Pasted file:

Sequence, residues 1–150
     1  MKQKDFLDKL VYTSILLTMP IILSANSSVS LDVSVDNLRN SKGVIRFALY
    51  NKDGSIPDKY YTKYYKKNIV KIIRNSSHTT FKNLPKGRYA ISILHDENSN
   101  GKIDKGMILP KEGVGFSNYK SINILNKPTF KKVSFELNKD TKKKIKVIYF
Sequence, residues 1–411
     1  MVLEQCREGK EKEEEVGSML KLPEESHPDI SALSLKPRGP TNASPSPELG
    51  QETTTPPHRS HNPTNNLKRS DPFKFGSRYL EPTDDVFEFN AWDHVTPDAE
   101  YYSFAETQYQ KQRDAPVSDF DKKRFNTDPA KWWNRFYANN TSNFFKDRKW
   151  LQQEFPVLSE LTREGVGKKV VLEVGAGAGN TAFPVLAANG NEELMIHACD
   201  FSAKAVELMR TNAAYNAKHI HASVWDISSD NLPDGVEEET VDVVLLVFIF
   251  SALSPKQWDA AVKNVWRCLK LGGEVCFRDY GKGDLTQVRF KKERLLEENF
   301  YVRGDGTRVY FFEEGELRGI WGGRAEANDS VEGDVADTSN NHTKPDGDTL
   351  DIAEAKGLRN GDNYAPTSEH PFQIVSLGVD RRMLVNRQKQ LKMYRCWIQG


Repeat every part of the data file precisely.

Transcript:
Sequence, residues 1–150
     1  MKQKDFLDKL VYTSILLTMP IILSANSSVS LDVSVDNLRN SKGVIRFALY
    51  NKDGSIPDKY YTKYYKKNIV KIIRNSSHTT FKNLPKGRYA ISILHDENSN
   101  GKIDKGMILP KEGVGFSNYK SINILNKPTF KKVSFELNKD TKKKIKVIYF
Sequence, residues 1–411
     1  MVLEQCREGK EKEEEVGSML KLPEESHPDI SALSLKPRGP TNASPSPELG
    51  QETTTPPHRS HNPTNNLKRS DPFKFGSRYL EPTDDVFEFN AWDHVTPDAE
   101  YYSFAETQYQ KQRDAPVSDF DKKRFNTDPA KWWNRFYANN TSNFFKDRKW
   151  LQQEFPVLSE LTREGVGKKV VLEVGAGAGN TAFPVLAANG NEELMIHACD
   201  FSAKAVELMR TNAAYNAKHI HASVWDISSD NLPDGVEEET VDVVLLVFIF
   251  SALSPKQWDA AVKNVWRCLK LGGEVCFRDY GKGDLTQVRF KKERLLEENF
   301  YVRGDGTRVY FFEEGELRGI WGGRAEANDS VEGDVADTSN NHTKPDGDTL
   351  DIAEAKGLRN GDNYAPTSEH PFQIVSLGVD RRMLVNRQKQ LKMYRCWIQG